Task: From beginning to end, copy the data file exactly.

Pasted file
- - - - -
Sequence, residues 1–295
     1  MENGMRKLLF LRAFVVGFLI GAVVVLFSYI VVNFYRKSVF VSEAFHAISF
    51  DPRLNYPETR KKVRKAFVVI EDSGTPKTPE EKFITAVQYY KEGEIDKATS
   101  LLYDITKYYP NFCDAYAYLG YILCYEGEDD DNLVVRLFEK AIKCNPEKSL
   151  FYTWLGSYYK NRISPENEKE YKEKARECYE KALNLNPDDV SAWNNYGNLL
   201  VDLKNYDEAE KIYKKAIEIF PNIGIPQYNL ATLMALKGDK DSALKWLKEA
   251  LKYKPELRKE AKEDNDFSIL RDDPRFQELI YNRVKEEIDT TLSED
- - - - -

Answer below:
Sequence, residues 1–295
     1  MENGMRKLLF LRAFVVGFLI GAVVVLFSYI VVNFYRKSVF VSEAFHAISF
    51  DPRLNYPETR KKVRKAFVVI EDSGTPKTPE EKFITAVQYY KEGEIDKATS
   101  LLYDITKYYP NFCDAYAYLG YILCYEGEDD DNLVVRLFEK AIKCNPEKSL
   151  FYTWLGSYYK NRISPENEKE YKEKARECYE KALNLNPDDV SAWNNYGNLL
   201  VDLKNYDEAE KIYKKAIEIF PNIGIPQYNL ATLMALKGDK DSALKWLKEA
   251  LKYKPELRKE AKEDNDFSIL RDDPRFQELI YNRVKEEIDT TLSED